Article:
Every now and then, you might find yourself in a heated argument with someone who’s had a little too much to drink. This can be quite distressing—especially if it happens often.
When it comes to drunk arguments with friends or loved ones, it can feel like you can’t get through to them, no matter what you say. This is because alcohol hinders a person’s ability to understand and communicate effectively.
Whether you’re dealing with relatives, friends, or acquaintances who habitually argue while drunk, this post will offer some insight on the best ways to handle it, and look out for your own well-being.
How to Diffuse an Argument With Someone Who’s Been Drinking
Here’s a piece of advice you may have heard: Never argue with a drunk.
No matter how triggered you may feel, or how important the issue at hand may seem, you cannot reason with someone who is intoxicated beyond the point of understanding.
If you find yourself arguing with a drunk person, do your best not to engage with them until they’ve sobered up. They may attempt to bring you into an argument by criticizing you or making insults. If you have to respond, use language that is polite, but firm, and shuts down the conversation for the time being.
Remember not to take anything they say personally—and don’t get caught up trying to explain or defend yourself.
If You Can’t Avoid Engaging in a Conversation, What Should You Do?
Here are some tips for overcoming drunk arguments with friends or loved ones:
- Say, “I’ll keep what you’re saying in mind, and we’ll talk tomorrow.”
- Agree to disagree until later on—but don’t leave the discussion open-ended.
- Keep your composure.
- If necessary, physically remove yourself from the situation until the person is sober.
Why Arguing with a Drunk Person is Often Futile
Alcohol is notorious for negatively impacting many parts of cognition, including memory, attention, problem solving, and impulse control. And for some, particularly those who already struggle to manage their anger, alcohol can also encourage more aggressive behavior.
Because of this, a person who drinks alcohol to excess may take offense more easily, have a harder time holding back, and think less about the consequences of their actions. They may also have a harder time processing what you are saying, and even practice “selective listening” (i.e. not hearing the parts of your argument that don’t line up with their current thinking).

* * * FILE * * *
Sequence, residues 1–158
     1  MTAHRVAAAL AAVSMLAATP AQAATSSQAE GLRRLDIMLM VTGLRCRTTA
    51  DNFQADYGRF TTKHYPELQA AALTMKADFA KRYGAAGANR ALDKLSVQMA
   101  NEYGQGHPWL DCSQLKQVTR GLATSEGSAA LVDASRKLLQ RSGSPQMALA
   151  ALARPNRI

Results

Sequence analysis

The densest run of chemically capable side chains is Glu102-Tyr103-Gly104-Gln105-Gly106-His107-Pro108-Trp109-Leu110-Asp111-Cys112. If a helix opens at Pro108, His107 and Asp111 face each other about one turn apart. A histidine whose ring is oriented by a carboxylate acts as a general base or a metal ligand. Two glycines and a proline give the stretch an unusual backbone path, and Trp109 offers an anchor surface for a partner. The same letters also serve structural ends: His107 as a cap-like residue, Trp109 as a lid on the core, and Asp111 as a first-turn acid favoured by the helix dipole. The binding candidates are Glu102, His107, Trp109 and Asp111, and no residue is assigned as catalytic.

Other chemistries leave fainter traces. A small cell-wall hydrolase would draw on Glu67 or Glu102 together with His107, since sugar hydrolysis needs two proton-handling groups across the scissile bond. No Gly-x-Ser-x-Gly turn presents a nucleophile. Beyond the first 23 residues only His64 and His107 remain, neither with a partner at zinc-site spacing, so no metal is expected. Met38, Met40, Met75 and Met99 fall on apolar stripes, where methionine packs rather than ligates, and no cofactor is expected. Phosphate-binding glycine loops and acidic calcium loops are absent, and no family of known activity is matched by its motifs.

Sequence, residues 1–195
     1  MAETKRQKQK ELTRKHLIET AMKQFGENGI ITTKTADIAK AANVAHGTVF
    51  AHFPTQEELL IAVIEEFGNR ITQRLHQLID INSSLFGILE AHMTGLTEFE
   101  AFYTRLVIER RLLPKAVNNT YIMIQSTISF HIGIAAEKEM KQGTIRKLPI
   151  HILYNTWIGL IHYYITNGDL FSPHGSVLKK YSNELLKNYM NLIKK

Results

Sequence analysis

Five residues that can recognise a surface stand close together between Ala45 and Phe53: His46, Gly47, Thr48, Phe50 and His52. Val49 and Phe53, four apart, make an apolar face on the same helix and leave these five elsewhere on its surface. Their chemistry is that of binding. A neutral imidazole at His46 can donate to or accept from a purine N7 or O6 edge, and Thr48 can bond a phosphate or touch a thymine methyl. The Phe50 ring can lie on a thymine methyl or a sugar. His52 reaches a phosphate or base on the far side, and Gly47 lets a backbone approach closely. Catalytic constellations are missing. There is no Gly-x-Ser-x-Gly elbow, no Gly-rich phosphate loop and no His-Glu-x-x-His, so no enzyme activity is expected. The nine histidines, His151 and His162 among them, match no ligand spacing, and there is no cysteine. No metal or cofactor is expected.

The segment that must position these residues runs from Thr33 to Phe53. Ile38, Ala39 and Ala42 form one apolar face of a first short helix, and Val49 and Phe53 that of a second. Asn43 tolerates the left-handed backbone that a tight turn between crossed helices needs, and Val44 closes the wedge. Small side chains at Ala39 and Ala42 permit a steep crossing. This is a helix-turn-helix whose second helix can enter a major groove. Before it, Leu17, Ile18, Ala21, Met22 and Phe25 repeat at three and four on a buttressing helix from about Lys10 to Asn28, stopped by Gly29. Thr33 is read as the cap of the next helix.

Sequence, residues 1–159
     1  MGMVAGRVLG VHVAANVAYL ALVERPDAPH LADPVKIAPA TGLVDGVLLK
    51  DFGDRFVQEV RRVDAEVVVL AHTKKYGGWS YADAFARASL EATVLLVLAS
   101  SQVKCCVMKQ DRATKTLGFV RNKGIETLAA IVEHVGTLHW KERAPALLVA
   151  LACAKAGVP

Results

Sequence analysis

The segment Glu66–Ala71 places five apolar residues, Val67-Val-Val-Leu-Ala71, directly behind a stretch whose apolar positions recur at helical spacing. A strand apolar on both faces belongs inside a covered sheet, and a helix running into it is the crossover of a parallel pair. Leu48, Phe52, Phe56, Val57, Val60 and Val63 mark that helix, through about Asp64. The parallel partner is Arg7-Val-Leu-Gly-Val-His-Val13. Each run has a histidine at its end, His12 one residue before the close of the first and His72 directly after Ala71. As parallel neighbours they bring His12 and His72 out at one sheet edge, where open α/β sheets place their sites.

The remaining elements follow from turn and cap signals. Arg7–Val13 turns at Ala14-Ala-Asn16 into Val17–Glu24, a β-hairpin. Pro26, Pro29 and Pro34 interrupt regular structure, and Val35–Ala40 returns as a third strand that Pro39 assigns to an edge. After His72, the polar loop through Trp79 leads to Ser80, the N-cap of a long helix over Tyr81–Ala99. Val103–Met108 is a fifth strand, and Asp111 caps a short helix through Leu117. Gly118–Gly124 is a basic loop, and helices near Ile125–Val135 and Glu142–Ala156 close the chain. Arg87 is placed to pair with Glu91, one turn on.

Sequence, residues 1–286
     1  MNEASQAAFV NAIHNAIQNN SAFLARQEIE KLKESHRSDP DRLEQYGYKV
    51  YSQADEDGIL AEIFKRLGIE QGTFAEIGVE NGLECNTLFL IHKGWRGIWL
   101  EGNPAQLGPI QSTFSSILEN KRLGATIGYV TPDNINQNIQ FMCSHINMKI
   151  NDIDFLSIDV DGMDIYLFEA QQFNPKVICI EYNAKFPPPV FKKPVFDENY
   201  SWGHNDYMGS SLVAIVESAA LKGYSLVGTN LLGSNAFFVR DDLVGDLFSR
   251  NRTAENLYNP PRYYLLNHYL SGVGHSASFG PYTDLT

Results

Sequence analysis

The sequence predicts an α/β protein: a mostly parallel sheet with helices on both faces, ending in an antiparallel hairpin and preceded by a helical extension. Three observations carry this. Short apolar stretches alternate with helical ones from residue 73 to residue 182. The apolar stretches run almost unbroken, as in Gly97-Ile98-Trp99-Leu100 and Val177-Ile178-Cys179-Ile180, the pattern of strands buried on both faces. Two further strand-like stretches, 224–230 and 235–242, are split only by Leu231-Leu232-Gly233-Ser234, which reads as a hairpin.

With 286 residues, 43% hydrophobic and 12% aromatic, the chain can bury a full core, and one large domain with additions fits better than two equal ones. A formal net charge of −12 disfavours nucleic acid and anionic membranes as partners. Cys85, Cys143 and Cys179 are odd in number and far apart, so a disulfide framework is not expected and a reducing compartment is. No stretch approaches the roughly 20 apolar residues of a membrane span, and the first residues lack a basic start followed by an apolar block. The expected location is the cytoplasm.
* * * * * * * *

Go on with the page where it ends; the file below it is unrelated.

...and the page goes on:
Even if you feel very offended by a person’s words while they are intoxicated, it’s important to remember that this person is impaired. They aren’t functioning normally, and it’s therefore best not to take their behavior personally. Instead, save any serious conversation for when they are in a clear state of mind.
What Should You Do If This is a Common Issue?
Over time, it might become apparent that a person in your life has a problem with their alcohol use. And in some cases, especially if they are often an “angry drunk,” it may be time for a serious heart-to-heart.
As mentioned above, it’s important not to stage an intervention—or any other serious discussion—while a person is drunk. It’s common for people to feel defensive or uncomfortable when confronted about substance abuse, or any other similar issue. The effects of alcohol will only make this worse.
However, if someone you care about is often intoxicated, and often argumentative, it may be important to have a talk with them. If this is the case, choose a good time, and have an open, empathic conversation. Use “I” statements instead of “you” statements, and emphasize that you are not judging them, and that you care about their well-being.
The Bottom Line
In any relationship, communication is key. But real communication should take place when everyone is in the right headspace to have a meaningful conversation.
If someone is intoxicated, they will have a harder time understanding where you’re coming from. Reaching a solution with them will be tough. Therefore, if you find yourself arguing with a drunk person, either let it go, or save the conversation for a better time.
If you or someone you love is struggling with their alcohol use, there are newer, easier ways to find support.
Ria Health offers access to prescription medication, digital tools, support groups, and weekly coaching to help you reach your goals—whether that means cutting back or quitting completely.
Not only that, but Ria Health is 100 percent accessible from your personal device. You don’t have to go out to a doctor’s office or treatment center to receive support. Reach out to us today, or learn more about how we can help.
- Stavro K. et al. Widespread and sustained cognitive deficits in alcoholism: a meta-analysis. Addict Biol. 2013 Mar; 18(2):203-13. Accessed December 22, 2020
- Beck, A. et al. Alcohol-Related Aggression—Social and Neurobiological Factors. Dtsch Arztebl Int. 2013 Oct; 110(42): 711–715. Accessed December 22, 2020
- Live Science. Why Do Drunks Get Belligerent? Accessed December 22, 2020
- Stappenbeck, C. & Fromme, K. The Effects of Alcohol, Emotion Regulation, and Emotional Arousal on the Dating Aggression Intentions of Men and Women. Psychol Addict Behav. 2014 Mar; 28(1): 10–19. Accessed December 22, 2020